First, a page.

The show also tackles darker topics, something that many viewers and I appreciate dearly. This brought a certain authenticity to “ATLA” that wasn’t present in other children’s shows at the time. The first season explicitly depicts the aftermath of the air nomad genocide and the unfairness of war. The second season touches upon censorship in the walls of Ba Sing Se and Oppa’s animal abuse. Finally, the third season focuses heavily on the destructive effects of war on people and on the landscape. Despite the maturity of these topics, “ATLA” handles them in a tasteful way, appropriate for its target audience. The topics are presented neither too grimly nor too lightheartedly, a perfect blend for children to absorb. What I find admirable is how the show didn’t underestimate the intelligence of the viewers. The creators understood this and made a show that stays in the hearts of its watchers.
The characters are also great role models for young kids. Of the main cast, each character embodies a unique persona that makes them unforgettable in the eyes of the audience. Aang is a playful and careful spirit that young viewers can easily relate to. He proves that anyone can take on the pressures of the world with a smile and be a good leader in the face of adversity. Katara is a strong and resilient force that keeps Team Avatar together. She shows viewers that people can embrace their losses and manifest them into newfound power. Sokka is a funny and resourceful leader that leads Team Avatar into the most significant battles of the show. He demonstrates that anyone can become a better version of themselves if they listen and learn from others. Toph is a headstrong and snarky character who provided much of the show’s amusing banter. She proves that great things can come in small packages (literally). Her unassuming appearance and boisterous personality made her a favorite among fans. Lastly, Zuko is a troubled and hot-tempered person who grows immensely over the course of the show. He shows that forgiveness is always possible and that forging your own path can be done if you put your mind to it. All that said, the characters harmonized so well together and created a memorable cast.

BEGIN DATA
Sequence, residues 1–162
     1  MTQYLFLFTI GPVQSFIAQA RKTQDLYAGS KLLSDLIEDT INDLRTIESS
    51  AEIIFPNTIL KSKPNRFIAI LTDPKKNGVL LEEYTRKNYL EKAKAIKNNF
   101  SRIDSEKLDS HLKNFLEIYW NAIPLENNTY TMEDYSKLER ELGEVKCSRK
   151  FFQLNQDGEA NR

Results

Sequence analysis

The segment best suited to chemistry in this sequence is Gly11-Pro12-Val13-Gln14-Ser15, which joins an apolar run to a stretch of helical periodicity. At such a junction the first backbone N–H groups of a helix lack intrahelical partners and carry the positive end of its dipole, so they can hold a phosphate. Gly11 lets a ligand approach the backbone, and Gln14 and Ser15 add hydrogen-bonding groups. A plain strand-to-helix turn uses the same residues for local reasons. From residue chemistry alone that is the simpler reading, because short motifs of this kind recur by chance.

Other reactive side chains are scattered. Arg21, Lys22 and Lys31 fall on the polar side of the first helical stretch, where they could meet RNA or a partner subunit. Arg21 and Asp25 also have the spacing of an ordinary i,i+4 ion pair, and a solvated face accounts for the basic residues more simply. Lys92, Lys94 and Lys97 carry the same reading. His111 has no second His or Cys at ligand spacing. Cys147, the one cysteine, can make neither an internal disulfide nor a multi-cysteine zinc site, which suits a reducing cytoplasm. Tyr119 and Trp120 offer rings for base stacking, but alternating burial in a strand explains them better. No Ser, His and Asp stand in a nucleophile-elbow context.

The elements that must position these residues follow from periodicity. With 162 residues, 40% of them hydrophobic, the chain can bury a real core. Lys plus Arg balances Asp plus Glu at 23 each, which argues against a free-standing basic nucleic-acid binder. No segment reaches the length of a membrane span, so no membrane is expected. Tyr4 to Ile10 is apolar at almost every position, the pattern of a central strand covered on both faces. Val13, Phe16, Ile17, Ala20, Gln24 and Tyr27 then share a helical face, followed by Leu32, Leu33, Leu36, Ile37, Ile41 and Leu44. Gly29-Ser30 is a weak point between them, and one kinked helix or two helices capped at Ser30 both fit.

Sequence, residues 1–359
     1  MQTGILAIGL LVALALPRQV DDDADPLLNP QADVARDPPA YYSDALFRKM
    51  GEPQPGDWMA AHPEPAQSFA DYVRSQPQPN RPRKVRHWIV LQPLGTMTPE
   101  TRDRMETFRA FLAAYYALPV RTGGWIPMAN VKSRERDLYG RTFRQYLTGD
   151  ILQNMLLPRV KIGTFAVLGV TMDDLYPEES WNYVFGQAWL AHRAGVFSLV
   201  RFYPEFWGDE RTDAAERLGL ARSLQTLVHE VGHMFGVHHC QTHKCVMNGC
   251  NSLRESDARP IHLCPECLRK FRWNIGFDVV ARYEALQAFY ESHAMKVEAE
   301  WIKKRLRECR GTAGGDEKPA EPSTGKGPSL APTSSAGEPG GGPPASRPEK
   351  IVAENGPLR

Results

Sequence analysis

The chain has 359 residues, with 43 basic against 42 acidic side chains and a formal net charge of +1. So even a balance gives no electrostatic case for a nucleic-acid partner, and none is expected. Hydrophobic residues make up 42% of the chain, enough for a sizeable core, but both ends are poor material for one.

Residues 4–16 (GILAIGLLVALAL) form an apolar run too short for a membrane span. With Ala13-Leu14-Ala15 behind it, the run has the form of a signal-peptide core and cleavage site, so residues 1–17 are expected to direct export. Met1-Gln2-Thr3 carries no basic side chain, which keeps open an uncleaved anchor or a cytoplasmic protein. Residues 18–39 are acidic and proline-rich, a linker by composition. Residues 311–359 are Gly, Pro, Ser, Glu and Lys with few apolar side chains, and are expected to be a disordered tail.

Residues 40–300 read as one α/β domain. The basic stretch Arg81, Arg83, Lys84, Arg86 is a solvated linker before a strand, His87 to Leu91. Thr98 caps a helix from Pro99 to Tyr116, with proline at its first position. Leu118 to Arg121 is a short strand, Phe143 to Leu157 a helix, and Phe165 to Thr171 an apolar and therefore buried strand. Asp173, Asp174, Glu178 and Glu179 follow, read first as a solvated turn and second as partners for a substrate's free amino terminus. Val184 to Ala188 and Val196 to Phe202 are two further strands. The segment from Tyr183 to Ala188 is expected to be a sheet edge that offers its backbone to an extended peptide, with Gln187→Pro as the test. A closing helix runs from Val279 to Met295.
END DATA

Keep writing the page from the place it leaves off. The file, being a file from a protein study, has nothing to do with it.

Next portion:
“Avatar: The Last Airbender” is the one show I can rewatch over and over without getting tired. I remember being glued to the television screen and attempting to soak up all of the details from the phenomenal character and world building. Even as an adult now, the show’s creativity and authenticity has never ceased to amaze me. I felt seen by the show and it familiarized me with the realities of the world in a subtle way. If I had to recommend something for the average viewer to watch, I would say “ATLA” a million times over. You’ve heard it here first! If you haven’t seen “ATLA,” you definitely should!